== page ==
This workshop is jointly organised by the European Commission, and EuroISPA, the industry body representing the interests of Internet Services Providers in Europe, reflecting the multi-stakeholder principle.
The workshop planned as an interactive session with a moderated panel of experts. 50% of the time will be allocated to opening statements from the experts, in which they will be asked to address the indicated questions. 40% of the time will be allocated to interventions from the floor, and 10% of the time for closing statements. The following experts will be invited (listed in suggested speaking order):
Affiliation: International organisation with role in human rights, e.g. Council of Europe; alternatively, academic Stakeholder group/role: Legal expert Questions to answer: What are the key characteristics of adequate mechanism for resolving dispute and complaints that content and/or conduct is illegal or infringes the rights of a third party?
Affiliation: Intellectual property rights holder: e.g. IFPI, MPAA etc Stakeholder group/role: Private sector complainant (civil complaints) Questions to answer: When you ask Internet intermediaries (ISPs, YouTube etc) to adopt non-judicial process for taking action against infringing content, what procedures do you adopt (or would you accept) to provide independent scrutiny of the claims you make in lodging individual complaints?
Affiliation: Law enforcement authority Counter-terrorism or anti-extremism specialist Stakeholder group/role: Public authority alleging serious criminal offences, but where defence to allegations may invoke claims of legitimate free speech, especially of a political or religious nature Questions to answer: When you ask Internet intermediaries (ISPs, YouTube etc) to adopt non-judicial process for taking action against infringing content, what procedures do you adopt (or would you accept) to provide independent scrutiny of the claims you make in lodging individual complaints?
Affiliation: EuroISPA Stakeholder group/role: Internet intermediaries (networks and online services) Questions to answer: What do you do to balance the interests of complainants against those accused of Internet misuse, to uphold the law while protecting fundamental rights?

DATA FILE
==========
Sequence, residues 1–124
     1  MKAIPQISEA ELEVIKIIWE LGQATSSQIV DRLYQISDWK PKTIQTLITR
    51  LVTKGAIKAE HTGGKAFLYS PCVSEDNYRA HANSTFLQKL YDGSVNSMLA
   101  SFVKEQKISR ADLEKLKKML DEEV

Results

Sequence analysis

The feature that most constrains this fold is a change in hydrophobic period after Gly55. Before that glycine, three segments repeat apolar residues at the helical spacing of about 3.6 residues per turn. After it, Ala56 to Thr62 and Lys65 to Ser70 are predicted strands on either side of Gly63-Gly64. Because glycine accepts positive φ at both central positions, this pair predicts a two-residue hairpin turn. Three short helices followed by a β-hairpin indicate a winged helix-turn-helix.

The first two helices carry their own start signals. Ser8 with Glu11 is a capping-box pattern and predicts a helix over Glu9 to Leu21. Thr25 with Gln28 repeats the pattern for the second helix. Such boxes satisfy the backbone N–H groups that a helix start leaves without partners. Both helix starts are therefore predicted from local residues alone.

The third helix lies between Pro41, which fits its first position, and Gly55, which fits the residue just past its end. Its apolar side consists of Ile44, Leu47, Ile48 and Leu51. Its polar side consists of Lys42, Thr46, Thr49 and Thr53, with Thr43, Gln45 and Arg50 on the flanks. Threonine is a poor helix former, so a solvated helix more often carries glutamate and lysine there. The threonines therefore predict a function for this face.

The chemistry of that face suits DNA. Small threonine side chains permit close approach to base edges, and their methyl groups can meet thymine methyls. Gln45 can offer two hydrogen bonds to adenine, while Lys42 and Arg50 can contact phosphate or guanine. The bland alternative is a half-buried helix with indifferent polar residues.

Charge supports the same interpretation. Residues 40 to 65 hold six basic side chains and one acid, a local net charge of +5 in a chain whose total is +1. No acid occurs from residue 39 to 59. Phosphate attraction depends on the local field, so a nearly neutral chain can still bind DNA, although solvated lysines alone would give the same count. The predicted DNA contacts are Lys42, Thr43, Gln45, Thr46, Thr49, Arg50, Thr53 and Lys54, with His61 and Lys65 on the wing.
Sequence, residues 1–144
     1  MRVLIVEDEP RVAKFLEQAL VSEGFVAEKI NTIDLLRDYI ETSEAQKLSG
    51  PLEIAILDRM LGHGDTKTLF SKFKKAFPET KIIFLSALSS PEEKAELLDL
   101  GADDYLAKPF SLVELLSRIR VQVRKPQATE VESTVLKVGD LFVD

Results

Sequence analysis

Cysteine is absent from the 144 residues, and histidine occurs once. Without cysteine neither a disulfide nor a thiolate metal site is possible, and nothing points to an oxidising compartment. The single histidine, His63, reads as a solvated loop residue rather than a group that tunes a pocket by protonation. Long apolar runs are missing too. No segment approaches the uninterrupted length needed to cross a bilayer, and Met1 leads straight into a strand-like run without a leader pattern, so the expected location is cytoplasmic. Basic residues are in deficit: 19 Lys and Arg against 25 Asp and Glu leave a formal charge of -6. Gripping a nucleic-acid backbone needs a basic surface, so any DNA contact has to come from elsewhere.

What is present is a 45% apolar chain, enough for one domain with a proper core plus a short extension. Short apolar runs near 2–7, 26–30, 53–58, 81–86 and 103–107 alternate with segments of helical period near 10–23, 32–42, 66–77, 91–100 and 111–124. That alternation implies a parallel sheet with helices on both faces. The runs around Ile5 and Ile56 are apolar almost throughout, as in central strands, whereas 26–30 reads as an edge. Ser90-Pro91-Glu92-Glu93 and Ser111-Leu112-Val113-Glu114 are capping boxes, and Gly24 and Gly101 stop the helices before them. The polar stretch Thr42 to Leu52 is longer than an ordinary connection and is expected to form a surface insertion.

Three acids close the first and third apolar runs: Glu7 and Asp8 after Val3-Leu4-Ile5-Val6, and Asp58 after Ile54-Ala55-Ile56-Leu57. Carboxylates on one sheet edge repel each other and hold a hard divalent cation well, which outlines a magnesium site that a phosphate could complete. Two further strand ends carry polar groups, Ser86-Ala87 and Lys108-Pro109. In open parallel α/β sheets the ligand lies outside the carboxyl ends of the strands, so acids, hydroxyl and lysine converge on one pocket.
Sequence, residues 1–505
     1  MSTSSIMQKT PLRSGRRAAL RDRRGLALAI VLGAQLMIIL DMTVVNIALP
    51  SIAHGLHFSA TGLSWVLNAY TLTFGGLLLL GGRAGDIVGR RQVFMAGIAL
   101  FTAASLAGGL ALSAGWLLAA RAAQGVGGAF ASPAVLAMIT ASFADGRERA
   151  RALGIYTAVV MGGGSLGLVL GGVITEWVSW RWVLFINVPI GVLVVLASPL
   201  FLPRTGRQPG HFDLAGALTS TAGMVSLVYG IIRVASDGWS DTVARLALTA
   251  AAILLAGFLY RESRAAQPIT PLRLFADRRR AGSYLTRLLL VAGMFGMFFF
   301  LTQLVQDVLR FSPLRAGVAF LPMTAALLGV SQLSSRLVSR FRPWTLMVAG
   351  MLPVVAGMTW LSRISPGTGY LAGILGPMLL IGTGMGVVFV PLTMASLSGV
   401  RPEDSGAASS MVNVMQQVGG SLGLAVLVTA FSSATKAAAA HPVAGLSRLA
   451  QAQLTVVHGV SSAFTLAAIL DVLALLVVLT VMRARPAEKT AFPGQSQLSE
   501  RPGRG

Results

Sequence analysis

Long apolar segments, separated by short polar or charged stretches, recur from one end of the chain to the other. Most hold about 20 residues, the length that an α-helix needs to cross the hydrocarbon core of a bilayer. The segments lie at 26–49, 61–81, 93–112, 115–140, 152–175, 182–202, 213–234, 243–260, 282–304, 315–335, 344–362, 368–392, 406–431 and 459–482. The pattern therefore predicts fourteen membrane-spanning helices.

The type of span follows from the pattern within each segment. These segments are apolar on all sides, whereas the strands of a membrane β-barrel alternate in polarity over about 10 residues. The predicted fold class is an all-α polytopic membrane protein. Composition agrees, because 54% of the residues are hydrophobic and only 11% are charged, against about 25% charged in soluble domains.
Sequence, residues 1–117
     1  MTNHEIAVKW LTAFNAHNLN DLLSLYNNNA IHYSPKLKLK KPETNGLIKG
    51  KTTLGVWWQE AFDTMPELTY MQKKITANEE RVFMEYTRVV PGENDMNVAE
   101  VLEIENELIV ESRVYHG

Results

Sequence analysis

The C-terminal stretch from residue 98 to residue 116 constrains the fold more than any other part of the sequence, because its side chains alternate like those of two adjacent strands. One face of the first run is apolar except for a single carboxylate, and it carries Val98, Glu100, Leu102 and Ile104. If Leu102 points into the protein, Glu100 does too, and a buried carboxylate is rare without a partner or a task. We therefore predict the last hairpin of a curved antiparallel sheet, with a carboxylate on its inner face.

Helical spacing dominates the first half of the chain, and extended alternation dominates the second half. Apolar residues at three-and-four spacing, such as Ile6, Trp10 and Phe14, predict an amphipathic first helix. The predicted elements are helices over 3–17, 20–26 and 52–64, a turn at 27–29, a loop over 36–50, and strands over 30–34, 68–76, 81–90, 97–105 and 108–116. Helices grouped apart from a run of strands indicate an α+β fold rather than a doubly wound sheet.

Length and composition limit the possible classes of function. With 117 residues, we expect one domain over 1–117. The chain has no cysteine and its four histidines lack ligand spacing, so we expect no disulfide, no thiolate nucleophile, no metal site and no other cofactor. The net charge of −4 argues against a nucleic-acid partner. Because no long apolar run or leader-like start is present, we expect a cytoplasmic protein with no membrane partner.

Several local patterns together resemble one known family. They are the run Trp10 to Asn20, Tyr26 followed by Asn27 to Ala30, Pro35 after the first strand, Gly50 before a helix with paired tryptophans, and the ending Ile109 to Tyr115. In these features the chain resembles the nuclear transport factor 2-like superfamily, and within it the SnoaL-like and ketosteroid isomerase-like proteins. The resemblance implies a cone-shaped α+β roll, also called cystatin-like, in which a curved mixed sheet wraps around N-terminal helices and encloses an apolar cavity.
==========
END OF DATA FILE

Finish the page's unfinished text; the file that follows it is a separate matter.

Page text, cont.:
Affiliation: European Digital Rights, or Electronic Frontier Foundation Stakeholder group/role: Citizen’s interest (fundamental rights of defendant party to complaint) Questions to answer: Under what conditions can Internet intermediaries help to uphold the legitimate rights of third parties and the public interest in suppressing crime?
Affiliation: European Commission Stakeholder group/role: Policy makers charged with balancing rights Questions to answer: What systematic and structural measures can be put in place to ensure all legitimate interests are respected in non-legislative measures such as public-private partnerships and intra-industry agreements?
- Council of Europe, Lee Hibbard (confirmed)
- Malcom Hutty, EuroISPA (confirmed)
- Catherine Trautmann, MEP (confirmed)
- Eric Pigal, EESC (confirmed)
- Harry Temmink, DG MARKT, European Commission (confirmed)
- Frederik J. Zuiderveen Borgesius, Universtity of Amsterdam (confirmed)
- Rashid Hajili; Media Rights Institute Azerbaijan (confirmed)
- Katitza Rodriguez, EEF (confirmed)
- Chris Marcich, President and Managing Director of MPAA-EMEA (confirmed)
- Giuseppe Vaciago, Criminal Lawyer (confirmed)